This is the eerie interpellation of Lacan’s sardine can, which looks at him all the same. It is the nightmare of the edible fish looking back from its state as an inanimate object, confronting the human perceiver both with the violence he or she would rather not take note of and with the fact that this violence, this cutting, has its own nonviolent quality as a verb, as an attribute, as an incorporeal event that operates, if it is perceived at all, at the limits of human perception.
The very notion of cutting, whether as entity or as attribute, implies an object that is amenable to cutting. Although a fruit is all the more liminal in that it is largely liquid, it is nonetheless solid enough to be the object of a cut. But what about a substance so liquid as to be uncuttable? On the one hand, such a substance resists the temporal permutations of the object that is fundamentally altered by a cut at a certain point in time, taking on, as it were, the attributes of the incorporeal. On the other hand, is a dialectics of liquid even possible in the fashion of a solid dialectics? Does not liquid always defy the method of division and separation that seems so basic to Sartre and Deleuze? This opens at once a number of lines of inquiry that might be summarized as follows: what is the place of the nonsolid in Sartre and Deleuze, and how is it both figured and gendered?
It should be noted that both Deleuze and Sartre are famously associated with the nonsolid. Among other things, there is Sartre’s discussion of slime at the end of Being and Nothingness and Deleuze and Guattari’s discussion of holey space at the end of “Treatise on Nomadology.” Yet the nonsolid is in both texts a vague and uncharacteristic middle category.26 According to Sartre, “[T]he slimy reveals itself as essentially ambiguous because its fluidity exits in slow motion; there is a sticky thickness in its liquidity; it represents in itself a dawning triumph of the solid over the liquid, that is, a tendency of the indifferent in-itself, which is represented by the pure solid, to fix the liquidity, to absorb the for-itself which ought to dissolve it.”27 Slime incarnates the reversal of the directionality Sartre has been at pains to set up throughout Being and Nothingness, in which the for-itself is defined in its active relation to the more passive in-itself. Here, slime designates the “revenge of the in-itself,” which, by this definition, is also the revenge of the solid.28 Paradoxically, this revenge has been acted out all along in Being and Nothingness (not to mention the rest of Sartre’s oeuvre) in the very materiality of the solid object examples he returns to again and again. As much as his work is known for slime, viscosity, nausea, and the like, it is also and more flagrantly a veritable catalog of chairs, tables, inkwells, pens, and paper cutters (objects that are interestingly visible from the writer’s desk).29 These solid objects are put in the ambiguous position of the in-itself, at once the debased term of the dualism and that which ultimately and actively haunts the seemingly more intricate for-itself. They are also the necessary counterpart to the privileged term they are defined against, here the human. They are at once what makes the human human and the marker of the nonhuman persistence that haunts. The oppositional solid, then, is absolutely necessary to Sartrean phenomenology, whereas the in-between register of slime is more nearly a middle term used to illustrate the solid and liquid in relation. Although the synthetic moment of relationality or “situation” is an important term for Sartre, my contention is that it is nonetheless subsumed by the more pervasive Sartrean methodology of extreme opposition.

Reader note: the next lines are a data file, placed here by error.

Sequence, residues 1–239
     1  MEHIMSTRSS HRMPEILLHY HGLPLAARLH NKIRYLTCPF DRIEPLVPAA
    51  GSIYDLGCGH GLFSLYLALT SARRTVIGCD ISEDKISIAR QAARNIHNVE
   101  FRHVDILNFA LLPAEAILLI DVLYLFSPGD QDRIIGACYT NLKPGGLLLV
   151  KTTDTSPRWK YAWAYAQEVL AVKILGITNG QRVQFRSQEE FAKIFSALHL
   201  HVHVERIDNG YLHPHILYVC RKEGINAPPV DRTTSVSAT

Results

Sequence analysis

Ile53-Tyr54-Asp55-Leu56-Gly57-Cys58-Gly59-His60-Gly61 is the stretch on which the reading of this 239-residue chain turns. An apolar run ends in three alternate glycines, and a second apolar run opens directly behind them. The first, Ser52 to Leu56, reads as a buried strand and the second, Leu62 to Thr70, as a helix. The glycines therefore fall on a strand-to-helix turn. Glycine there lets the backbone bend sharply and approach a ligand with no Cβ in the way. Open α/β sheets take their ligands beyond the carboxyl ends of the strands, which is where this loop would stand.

Holey space serves much the same role for Deleuze and Guattari, coming in at the end of “Treatise on Nomadology—the War Machine” as the happy intermediary between the striated and the smooth. Deleuze and Guattari locate the metallurgists or smiths in an intermediate position between the sedentary peoples and the privileged nomads: